Canteen Lunch in the Alley
|Canteen Lunch in the Alley|
|Food type||Canteen lunch|
|Street address||112 East 2nd Street|
Coordinates: Canteen Lunch in the Alley is a restaurant located in Ottumwa, Iowa. The original five-stool Canteen Lunch was opened in 1927 in a different location, and moved to its current address in 1936. It has since been a local institution known for their loose-meat sandwiches and homemade pies. The restaurant's design is a horseshoe-shaped counter-top surrounded by 16 stools. The “Canteen Lunch” was originally established in 1927. In 1936, the business relocated to its present location under the second street parking ramp in Ottumwa, Iowa. It remains an outstanding example of an early to mid-20th century lunchroom. The “Canteen Lunch” reflects on this type of eating establishment that gained popularity in the 1920s and 1930s as social and economic challenges were felt by the Great Depression.
Lunchrooms, like “The Canteen” were frequented by those who had a small budget for eating out, but still needed to have lunch. Places like “The Canteen” offered simple short order food in an informal place to meet and socialize. They were typically frequented by male workers and were typically located near factories.
The Canteen Lunch remains in operation today. The canteen sandwich (or locally, “Canteen”) is a loose-meat sandwich resembling that of a “Maid Rite” or “Sloppy Joe”; however, it is seasoned differently and served more similarly to a hamburger with condiments like pickles, ketchup and mustard. A cheese sauce can be added for a small additional charge.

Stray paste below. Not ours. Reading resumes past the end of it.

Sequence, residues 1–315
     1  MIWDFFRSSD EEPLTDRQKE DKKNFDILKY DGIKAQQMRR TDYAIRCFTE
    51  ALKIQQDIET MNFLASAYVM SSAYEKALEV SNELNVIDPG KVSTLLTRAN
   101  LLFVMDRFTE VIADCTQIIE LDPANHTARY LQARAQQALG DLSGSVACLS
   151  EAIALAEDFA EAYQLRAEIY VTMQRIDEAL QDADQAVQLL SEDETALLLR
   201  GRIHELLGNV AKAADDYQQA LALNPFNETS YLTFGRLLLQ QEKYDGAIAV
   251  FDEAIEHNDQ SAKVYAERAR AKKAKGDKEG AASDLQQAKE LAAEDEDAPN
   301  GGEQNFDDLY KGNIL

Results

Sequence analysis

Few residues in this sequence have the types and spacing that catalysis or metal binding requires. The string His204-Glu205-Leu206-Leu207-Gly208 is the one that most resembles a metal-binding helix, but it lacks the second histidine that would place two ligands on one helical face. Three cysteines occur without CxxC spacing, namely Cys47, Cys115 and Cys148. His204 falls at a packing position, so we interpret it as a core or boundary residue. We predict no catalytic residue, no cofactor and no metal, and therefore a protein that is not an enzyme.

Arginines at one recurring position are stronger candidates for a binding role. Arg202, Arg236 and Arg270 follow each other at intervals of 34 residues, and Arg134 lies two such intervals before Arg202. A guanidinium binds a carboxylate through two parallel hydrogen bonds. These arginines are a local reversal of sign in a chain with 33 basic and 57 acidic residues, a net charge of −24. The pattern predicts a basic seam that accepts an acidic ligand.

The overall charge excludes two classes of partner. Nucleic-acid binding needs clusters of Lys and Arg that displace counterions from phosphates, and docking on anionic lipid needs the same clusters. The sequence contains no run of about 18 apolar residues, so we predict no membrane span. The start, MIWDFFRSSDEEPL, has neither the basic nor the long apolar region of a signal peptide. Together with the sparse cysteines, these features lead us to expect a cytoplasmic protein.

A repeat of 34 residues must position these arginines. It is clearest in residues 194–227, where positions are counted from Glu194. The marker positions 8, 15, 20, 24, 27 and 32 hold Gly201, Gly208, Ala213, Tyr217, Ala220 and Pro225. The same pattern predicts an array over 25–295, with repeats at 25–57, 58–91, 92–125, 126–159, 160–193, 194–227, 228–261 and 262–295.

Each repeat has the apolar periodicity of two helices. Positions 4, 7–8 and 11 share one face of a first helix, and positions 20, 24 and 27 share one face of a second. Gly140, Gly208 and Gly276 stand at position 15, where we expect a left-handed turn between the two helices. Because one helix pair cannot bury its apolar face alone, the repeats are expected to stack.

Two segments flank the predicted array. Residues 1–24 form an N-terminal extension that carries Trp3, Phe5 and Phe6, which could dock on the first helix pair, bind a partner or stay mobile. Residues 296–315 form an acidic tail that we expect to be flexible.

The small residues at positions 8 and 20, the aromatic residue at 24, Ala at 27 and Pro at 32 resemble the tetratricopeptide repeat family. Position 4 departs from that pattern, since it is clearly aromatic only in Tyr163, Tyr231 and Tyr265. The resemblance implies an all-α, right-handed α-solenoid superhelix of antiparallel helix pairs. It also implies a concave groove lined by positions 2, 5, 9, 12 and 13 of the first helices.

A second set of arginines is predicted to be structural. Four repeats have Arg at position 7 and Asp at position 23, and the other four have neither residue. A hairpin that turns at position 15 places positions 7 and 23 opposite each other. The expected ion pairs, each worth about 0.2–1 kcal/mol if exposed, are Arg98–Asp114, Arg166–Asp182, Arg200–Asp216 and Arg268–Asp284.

The lunchroom itself is accessed through an alley and is sought out by native Ottumwans as a first order of business when returning home. The friendly atmosphere coupled with simple but tasty food draws natives and visitors alike.
The sandwich and operations are intriguing in design. Every day, the lunchroom prepares 100-150 lbs of ground beef. The grind is finer than standard store ground beef. Attempts to use a coarser grind were immediately noticed by the patrons and rejected in favor of the finer grind. The sandwich is served on an oversized custom made hamburger bun that is cut and left hinged just prior to making the sandwich. The sandwich is placed in a custom wax paper wrapper that has a thicker than average wax coating for extra protection. A teaspoon is traditionally included with the sandwich to scoop out any remaining beef from the paper after finishing the sandwich.
The layout of the restaurant is just as essential to the lunchroom's success. The horseshoe shaped counter wraps around the freestanding metal steamer. One waitress continually stirs the beef as it cooks in full sight of the patrons. Another waitress cuts the buns and adds the condiments, and another ladles the loose meat onto the buns and wraps them in their signature wax paper. This show is an integral part of the dining experience for the canteen's new and seasoned customers.
The price of a "Canteen" is just as modest today as it was during the Depression. A full meal with a piece of pie can still be obtained for less than $5.
In 2000, the City of Ottumwa pursued the construction of a downtown parking ramp in the current location of the canteen. Upon offering to purchase the building, or paying for the building to be moved to another location, the owners and patrons alike insisted that it remain in place. Subsequently in 2004 air rights were purchased above the canteen and a parking ramp was constructed overhead.
The Canteen was the model for the Lanford Lunch Box restaurant opened by Roseanne Connor (played by Roseanne Barr) in the sitcom Roseanne. Barr was married to actor Tom Arnold, a native of Ottumwa, and they frequently visited Ottumwa during their marriage.
- "Ottumwa's Canteen restaurant makes national list of must-eat places". Des Moines Register. Archived from the original on 21 January 2013. Retrieved 6 July 2012.
- Feature: Canteen Lunch in the Alley (Ottumwa, Iowa)
- "Munson: 'Ab Man' of Indiana eats 13 Canteen sandwiches, setting a new mark". Des Moines Register. Archived from the original on 8 February 2013. Retrieved 6 July 2012.
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